2012 BMW M6 Convertible: 4,508 Pounds of Rocket (Rocket Fuel Not Required)

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BMW opted to bring back their M6 Convertible for 2012, and as expected, it offers up more horsepower, better looks, and increased fuel economy.

No longer powered by a thunderous V10, the 2012 M6 Convertible can reportedly hit 60 MPH in about 4.2 seconds.  With the V10 headed for the dinosaur museum, BMW opted to make use of the same twin-turbo V8 that is used in the M5.  A wet, dual clutch, seven-speed transmission behaves itself rather well, considering that many automated manual transmissions lack the refinement that Americans are used to when getting an “automatic transmission.”  That doesn’t mean the M6 is a slouch by any stretch of the imagination.  With 4,508 pounds of pork to move, the M6 Convertible is an awesome straight line machine but in the twisties you can really feel the heft as the suspension stiffens up to keep the motion in check.  4,508 pounds is a lot to keep under control but BMW offers flavors of M6 for every skill level, road type, and mood if 4,508 pounds of mass sounds intimidating.  I can only imagine the potential that the M6 holds if it were to join Jenny Craig or trade weight for carbon fiber.

Driving around the hilly and beautiful terrain around Santa Barbara gave me plenty of opportunity to check out the multiple personalities encased within the M6.  The M6 could easily be described as a comfortable touring convertible.  The suspension can swallow up road imperfections and provide transportation that your grandma wouldn’t complain about when in full ‘comfort’ mode, all M-settings turned off and the EcoPro mode turned on.  Complete with Start/Stop technology, the M6 Convertible EcoPro mode isn’t much fun to drive but definitely helps keep the power under control.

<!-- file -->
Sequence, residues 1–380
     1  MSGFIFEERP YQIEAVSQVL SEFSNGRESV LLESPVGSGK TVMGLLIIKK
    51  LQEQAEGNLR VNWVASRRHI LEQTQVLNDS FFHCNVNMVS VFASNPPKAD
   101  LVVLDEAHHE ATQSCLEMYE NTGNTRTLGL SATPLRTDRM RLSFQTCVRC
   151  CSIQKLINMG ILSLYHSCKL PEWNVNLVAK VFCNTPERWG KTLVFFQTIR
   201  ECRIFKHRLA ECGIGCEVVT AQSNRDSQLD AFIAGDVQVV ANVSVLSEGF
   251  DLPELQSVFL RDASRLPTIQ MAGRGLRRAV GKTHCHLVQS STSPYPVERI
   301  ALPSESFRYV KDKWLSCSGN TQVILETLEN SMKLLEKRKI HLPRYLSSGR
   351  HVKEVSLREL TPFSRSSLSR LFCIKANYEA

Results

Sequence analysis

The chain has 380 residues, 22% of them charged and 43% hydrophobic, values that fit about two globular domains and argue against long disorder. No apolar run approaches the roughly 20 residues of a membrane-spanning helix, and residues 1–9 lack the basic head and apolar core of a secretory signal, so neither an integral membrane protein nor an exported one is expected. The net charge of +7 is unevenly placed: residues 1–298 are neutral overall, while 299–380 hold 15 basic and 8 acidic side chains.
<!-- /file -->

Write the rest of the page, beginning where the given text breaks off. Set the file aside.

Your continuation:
Moving to the opposite end gives the M6 Convertible some jaw dropping power, as evidenced by someone else on the media event I attended.  The M6 gives you multiple flavors to tailor the suspension, power delivery, transmission calibration, and power steering to your liking.  MDM mode, S3, and Sport+ settings reveal the monster under the hood.  If the EcoPro mode was a kid on a Huffy, the MDM mode and Sport+ would be a ‘juiced’ Armstrong on the last day of the Tour.  The only difference is that the ‘juice’ in the M6 is legal.  The twin-turbos are just as addictive, too.

No, it doesn’t have the soundtrack of a V10 but the V8 provides plenty of aural tones that will easily bring a smile to your face just as it did to me while driving through San Marcos Pass.  The New York pizza pie-sized brake rotors stop the M6 fast enough that a retina detachment almost feels imminent.  Carbon-ceramic brakes are optional.

The interior is typical of BMW models as of late.  Fit and finish was superb and material choices were excellent.  iDrive continues and teams up with a new heads up display designed to keep your eyes on the road.  It’s one of the better systems that I have seen, even with the top down and the sun shining.  The rear seats are better left for a purse or picnic basket.  It’s a tight fit if you want to share an open air experience.  The car is remarkably stiff with no cowl shake or strange vibrations often seen in cars that were never meant to be convertibles, such as the Chrysler 200 or Murano CrossCabriolet.  I mean, this is the ultimate driving machine.

The M6 Convertible looked right at home on the streets of Santa Barbara.  It’s one of the few convertibles that appeals to both men and women, too.  It’s sexy.  It’s fast.  It carries prestige over every high school girl in Santa Barbara driving a 3-Series, as it should, since my tester was over $125,000.  Super car power and improved styling over the last M6 left me wishing I played Powerball or MegaMillions.  The jackpot is $65 million tonight?  That’ll do.  Maybe I’ll buy a Coupe and a Convertible.

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